Enhanced postal voting arrangements from Afghanistan
BAFF representation in Service Voting Working Group
(11 March 2010) The three Service Family Federations and the British Armed Forces Federation are represented in a Minister-led Service Voter Working Group, along with the Ministry of Justice and MoD and the Electoral Commission. The following update is provided courtesy of the Naval Families Federation:
If you are currently serving or likely to be serving in Afghanistan at the time of the General Election (date TBN), you will be interested to know that a Minister-led Working Group has been established to consider ways of enhancing your ability to participate in the elections. Members of the Working Group include the Families Federations, MoD officials, Ministry of Justice and Electoral Commission officials. The main concerns were that postal voting often precludes personnel serving overseas from getting their votes in on time owing to the short (11-day) window to get forms to and from theatre. Proxy voting is an alternative but is not considered appropriate by some. The Working Group has therefore been looking at ways of delivering an enhanced service for all personnel deployed to Afghanistan to be able to register and vote in the coming General Election. The system will use the Air Bridge to get registration and then ballot papers to and from theatre and information about this new process is currently being cascaded via the chain of command in theatre. We will carry further information on our website as soon as it is available. It should be stressed that the postal voting process is subject to operational requirements and therefore cannot be guaranteed, however personnel deployed to Afghanistan will still be able to vote by proxy if they wish.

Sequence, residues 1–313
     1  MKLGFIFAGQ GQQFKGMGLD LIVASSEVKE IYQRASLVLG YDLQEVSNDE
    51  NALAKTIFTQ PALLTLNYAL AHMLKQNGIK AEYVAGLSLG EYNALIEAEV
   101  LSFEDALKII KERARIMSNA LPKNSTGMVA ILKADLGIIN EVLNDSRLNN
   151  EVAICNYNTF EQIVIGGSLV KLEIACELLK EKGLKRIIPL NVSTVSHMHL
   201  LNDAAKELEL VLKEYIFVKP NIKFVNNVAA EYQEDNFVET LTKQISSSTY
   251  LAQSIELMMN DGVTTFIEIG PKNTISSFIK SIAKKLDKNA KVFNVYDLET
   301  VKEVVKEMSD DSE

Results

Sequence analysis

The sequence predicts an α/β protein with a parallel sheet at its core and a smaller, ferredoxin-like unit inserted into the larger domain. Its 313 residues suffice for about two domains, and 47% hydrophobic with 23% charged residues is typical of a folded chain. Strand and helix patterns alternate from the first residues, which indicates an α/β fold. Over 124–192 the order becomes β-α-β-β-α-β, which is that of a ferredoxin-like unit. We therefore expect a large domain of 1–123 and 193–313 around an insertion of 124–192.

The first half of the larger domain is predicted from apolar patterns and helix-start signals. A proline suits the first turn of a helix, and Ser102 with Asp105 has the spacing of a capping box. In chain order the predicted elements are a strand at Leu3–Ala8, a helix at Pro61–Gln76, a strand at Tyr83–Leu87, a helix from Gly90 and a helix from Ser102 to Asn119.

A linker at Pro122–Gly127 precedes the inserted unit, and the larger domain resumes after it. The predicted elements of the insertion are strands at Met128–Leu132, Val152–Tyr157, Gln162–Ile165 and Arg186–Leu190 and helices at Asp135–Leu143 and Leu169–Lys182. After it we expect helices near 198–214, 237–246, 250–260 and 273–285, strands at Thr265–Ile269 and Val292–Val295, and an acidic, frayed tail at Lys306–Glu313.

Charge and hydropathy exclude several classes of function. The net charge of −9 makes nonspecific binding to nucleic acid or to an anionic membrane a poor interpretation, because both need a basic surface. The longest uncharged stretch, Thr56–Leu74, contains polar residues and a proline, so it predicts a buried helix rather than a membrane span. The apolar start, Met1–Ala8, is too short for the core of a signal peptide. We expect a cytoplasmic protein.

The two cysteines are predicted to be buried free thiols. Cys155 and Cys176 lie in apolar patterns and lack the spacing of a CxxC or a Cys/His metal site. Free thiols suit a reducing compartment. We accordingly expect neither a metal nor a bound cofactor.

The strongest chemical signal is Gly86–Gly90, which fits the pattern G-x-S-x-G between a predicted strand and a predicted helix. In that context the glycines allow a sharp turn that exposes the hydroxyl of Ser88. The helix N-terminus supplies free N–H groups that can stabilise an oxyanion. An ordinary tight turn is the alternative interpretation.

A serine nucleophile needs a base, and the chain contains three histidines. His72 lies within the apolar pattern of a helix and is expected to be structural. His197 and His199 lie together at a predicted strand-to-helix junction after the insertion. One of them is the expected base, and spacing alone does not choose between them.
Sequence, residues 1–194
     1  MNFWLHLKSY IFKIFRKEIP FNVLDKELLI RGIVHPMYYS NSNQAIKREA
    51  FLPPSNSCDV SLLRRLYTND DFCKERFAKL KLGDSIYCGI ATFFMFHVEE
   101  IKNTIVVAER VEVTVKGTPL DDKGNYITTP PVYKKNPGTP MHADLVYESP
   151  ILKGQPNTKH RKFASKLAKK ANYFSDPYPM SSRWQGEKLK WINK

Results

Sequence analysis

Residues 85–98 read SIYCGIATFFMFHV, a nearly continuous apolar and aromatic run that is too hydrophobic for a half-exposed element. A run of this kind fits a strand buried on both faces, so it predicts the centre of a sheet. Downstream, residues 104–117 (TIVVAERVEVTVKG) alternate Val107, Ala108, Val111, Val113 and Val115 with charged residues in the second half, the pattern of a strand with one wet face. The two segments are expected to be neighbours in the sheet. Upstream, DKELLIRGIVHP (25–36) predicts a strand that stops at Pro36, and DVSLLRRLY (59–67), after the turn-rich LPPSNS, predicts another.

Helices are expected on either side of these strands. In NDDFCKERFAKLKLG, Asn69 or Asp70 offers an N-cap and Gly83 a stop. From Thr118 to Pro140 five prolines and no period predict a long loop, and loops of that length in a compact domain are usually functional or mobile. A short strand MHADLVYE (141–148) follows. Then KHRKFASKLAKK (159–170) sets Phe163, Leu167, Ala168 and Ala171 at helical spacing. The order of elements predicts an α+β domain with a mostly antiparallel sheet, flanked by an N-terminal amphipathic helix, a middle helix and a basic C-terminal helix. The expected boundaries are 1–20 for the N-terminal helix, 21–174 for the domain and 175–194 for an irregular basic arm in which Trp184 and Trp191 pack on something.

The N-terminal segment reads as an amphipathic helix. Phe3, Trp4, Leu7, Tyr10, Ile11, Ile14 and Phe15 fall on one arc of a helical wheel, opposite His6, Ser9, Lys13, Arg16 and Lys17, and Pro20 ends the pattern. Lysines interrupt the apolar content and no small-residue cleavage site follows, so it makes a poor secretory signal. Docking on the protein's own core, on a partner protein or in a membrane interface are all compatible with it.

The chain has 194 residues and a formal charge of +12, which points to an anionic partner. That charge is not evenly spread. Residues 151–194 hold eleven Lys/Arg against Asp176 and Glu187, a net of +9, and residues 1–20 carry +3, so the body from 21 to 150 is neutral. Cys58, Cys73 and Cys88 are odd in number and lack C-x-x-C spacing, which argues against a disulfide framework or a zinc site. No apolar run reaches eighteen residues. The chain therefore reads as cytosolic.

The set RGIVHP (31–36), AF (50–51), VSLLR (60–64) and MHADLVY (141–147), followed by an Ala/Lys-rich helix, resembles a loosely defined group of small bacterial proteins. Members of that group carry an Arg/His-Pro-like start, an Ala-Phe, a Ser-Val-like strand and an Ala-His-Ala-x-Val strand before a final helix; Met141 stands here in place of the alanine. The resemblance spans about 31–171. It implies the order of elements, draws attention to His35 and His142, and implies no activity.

For those reading this in other overseas locations who are still faced with the challenges of the postal system, rest assured we have not forgotten you! The Working Group is also looking at ways of enhancing your ability to participate in elections but as the options being considered may involve changes to primary legislation, this will take some time to deliver. In the interim, people keen to vote in the forthcoming election who fear the postal system may not be fast enough to register their vote are encouraged to consider nominating a proxy to vote on their behalf.
If you haven’t yet registered to vote please visit www.aboutmyvote.co.uk [if you intend by post from Afghanistan, you should use the special registration form now being distributed through units].
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